The story that might identify what I want to share with you is about a rather young woman in her 50’s of enormous faith in the power and the love of Jesus Christ and had St. Theresa of Lisieux as her principle advocate going through her journey in life. In 1999, just over twelve years ago, she got cancer and it was a very vigorous form cancer. It ran through her body and sadly on Halloween, the 31st of October, as the children were gathering outside of her door, shouting trick or treat, she died from cancer. Her husband was devastated by her death, went to her grave site for her burial in a total daze, totally unconvinced of any good God and in fact, angry, angry, angry that God would take such a beautiful woman and a gifted wife for him and leave him absolutely devoid of meaning in his life. As her body was lowered into the grave, he spoke the following words aloud, unintentionally. “Mary, you were the joy of my heart. I will never smile again.” And then something deep inside him uttered words that he didn’t himself really hear, but his sister-in-law heard him. He said, “This love is so strong, it cannot die. Maybe someway God can use it in the future.” His sister-in-law was a nun, and like most nuns couldn’t mind her own business. (laughter) Instead of going home and getting on with her prayer life, she went back to the United States to the Diocese of Thibodaux, a break away diocese of the great Archdiocese of New Orleans, where that woman and her husband had lived a life working as lay missionaries. And the nun said to her bishop that (the woman’s) husband may become a priest. We should get him. Three months later, that bishop out of the clear blue sky sent an email to this fellow and said, “I heard about what happened at the funeral. I just ordained a widower older than you. Consider my diocese. Come over and talk to me.” That husband was me.
…I am only giving you an illustration. I answered the email in language not to be repeated in church. And then my secretary modified it and sent it, saying get away from me. I want nothing to do with it. To make a long story short, I was ordained at home in Thibodaux in 2004, by the grace of Almighty God and the intercessory love of my wife Mary, from the Kingdom of Heaven where Her Mother Mary brought her home and said, “The love you had for him, I will put to work. I won’t let that fellow go off in his self-pity.” I was dragged out of my weakness. I was dragged out of my self-pity and my pride, which made me want to be the center of my pity, having everybody feeling sorry for me. At 54 years of age I entered the seminary. I was handed a pile of books, and I thought the whole place was gone mad. But our God has a sense of humor which we will never match. That is the second part of my message this morning. Trust Jesus, for you are dead in Him. And because every moment of your breathing human life you are coming more and more and more out of the womb of sin and the womb of anxiety and the womb of pain to be born anew into a beautiful fullness of life. And those you may leave behind you in pain, and those of you suffering in pain now who already like me have been left behind – trust Jesus. God the Father has something in store for you even yet. Begin to trust anew. Remember the beautiful words of the prophet Jeremiah, Chapter 25, verses 11- 14, “I know when (this is God the Father speaking)I know when the plans I have in mind for you, plans for your welfare not for woe. When you come to me, I will be there for you. When you turn to me with all your heart, I will listen to you and give you what you need.” If we could only make that our message going home, Mary would jump for joy in Heaven right now.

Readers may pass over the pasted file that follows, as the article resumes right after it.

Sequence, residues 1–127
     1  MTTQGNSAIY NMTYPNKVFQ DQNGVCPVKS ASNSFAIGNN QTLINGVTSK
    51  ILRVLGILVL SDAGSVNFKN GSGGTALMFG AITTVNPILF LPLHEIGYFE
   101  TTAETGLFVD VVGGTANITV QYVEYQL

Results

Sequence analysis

In a few moments we will bring up the bread and wine into this Holy Mass. Now, the highest prayer for every Catholic is the moment of the sacrifice and sacrament of the Eucharist. Place your concerns and your anxieties on the paten and in the chalice and leave them to Jesus. Ask Mary to give you the beginnings of new life when you walk out of this church, because that is the calling for all of us. We, when we bring up the gifts, offer up our death. At the consecration, you will see Jesus Christ. We all can hear Him, you won’t see a moving cloud or the word peace written in the sky…But you are at every Mass, Jesus Himself appears. He is already in your midst and in our midst as the congregation gathers. He is already in the spoken Word of the Gospel that you have just been fed by Father Leo. And He is going to appear physically under the appearance of bread at the consecration. That is the moment of your resurrection. That is when you make up your mind that at that moment your life begins. Everything before now, leave it behind. Leave it to Jesus. Don’t forget it, don’t bury it, but leave it to Jesus. He knows everything you need, and He is the answer to everything you need. What did He say He was: “The Way, the Truth and the Life.” What more do you want? You have it all there. Start for the way, main course the truth, deserve the life. And when you recognize Him this morning, in this heightened moment of grace, you recognize Him in the breaking of the bread, as the Lamb of God, you have just placed one foot in Heaven. You are already half way home. God is good and all the time. May He be praised and glorified now and forever and ever. Amen.